As a narrator, Noah Michael Levine is fantastic. I normally have problems with a male reader because their female voices are uninspiring, but Mr. Levine does an outstanding job of portraying Lady Helen with just the right touch. His interpretation of the male characters is incredible. He gives each character, whether male or female a distinct voice and handles the different accents from cockney to upper crust with apparent ease. In many ways his reading style reminds me of the narrator, Jim Dale from the Harry Potter series. Mr. Levine is a true joy to listen to, and I will be looking for other books performed by him in the future.
The Weaver Takes a Wife is a sweet traditional Regency romance and anyone who is a fan of Georgette Heyer will thoroughly enjoy this delightful tale. It has been many years since I have read a traditional Regency romance, and this book reminds me of why I fell in love with this period as a young girl. Thank you Sheri Cobb South for giving a chance to take a trip down memory lane. Happy reading!
This book turns the classic romance upside down. The protagonist is a delightful character who traditionally would simply be a support character to a handsome, young, perhaps dis-inherited nobleman in search of (or fleeing from) a desirable marriage. Instead, Mr. Brumby sets out to win the prize. The author has painted him so clearly, strengths and flaws, that you cannot help rooting for him all the way. One of the most charming books that I have listen to on Audible and, despite its brevity, it absolutely is worth a credit.
love audio books - Anglophile
I really liked the characters, especially Mr. Bundy, and the plot of this story. I laughed out loud quite a few times. It's fascinating to watch Mr. Bundy's transformation without losing his inherent goodness. All the main characters are clearly defined. My favorite scene was when Mr. Bundy and Helen visited his mill in Manchester. I loved how he interacted with his workers. Today's supervisor's could take a leaf from his book. I couldn't stop listening.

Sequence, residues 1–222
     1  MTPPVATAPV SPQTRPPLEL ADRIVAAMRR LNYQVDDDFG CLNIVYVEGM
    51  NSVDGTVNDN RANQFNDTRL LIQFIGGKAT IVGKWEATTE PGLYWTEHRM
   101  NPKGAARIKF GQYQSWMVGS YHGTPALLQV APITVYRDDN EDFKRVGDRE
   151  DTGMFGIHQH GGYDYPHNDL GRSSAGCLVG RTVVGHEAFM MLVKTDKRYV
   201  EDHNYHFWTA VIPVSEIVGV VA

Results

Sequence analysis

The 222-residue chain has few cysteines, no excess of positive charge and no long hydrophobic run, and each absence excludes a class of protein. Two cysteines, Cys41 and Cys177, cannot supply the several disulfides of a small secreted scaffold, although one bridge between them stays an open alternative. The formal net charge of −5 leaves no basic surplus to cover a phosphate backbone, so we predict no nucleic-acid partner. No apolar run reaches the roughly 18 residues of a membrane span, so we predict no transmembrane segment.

I've never heard of this author, but I'll definitely be reading more of her Regency books and her John Pickett series. Hopefully these books will be released on audio.
P.S. There are no gratuitous sex scenes, just a well-written and engaging story with a truly lovable main character.
A man is not the clothes he wears or his manner of speech. He is an accumulation of his experiences, his intellect, and above all his concern and respect for his fellow man. Lady Helen Radney, daughter to a duke, does not want to learn anything about her newly acquired husband, Ethan Brundy. Ethan Brundy’s occupation? Weaver. Doesn’t that say it all?
This book was first published in 1999, republished last year with the audio produced at the beginning of this year. It’s satisfying to me to see books being republished and produced in audio. With excellent narrators who know how to tell a good story, it virtually is brought to life.
I enjoyed listening to the introduction to the book by Mary Balogh, giving a good inkling of what was to come while leaving us a few teasers. This story is told with a bit of humor, because frankly, it is a quite humorous situation. Well, not for Lady Helen, nor for Ethan Brundy. It was humorous to this reader to watch the development of a marriage with such peculiar circumstances. How could it possibly be successful?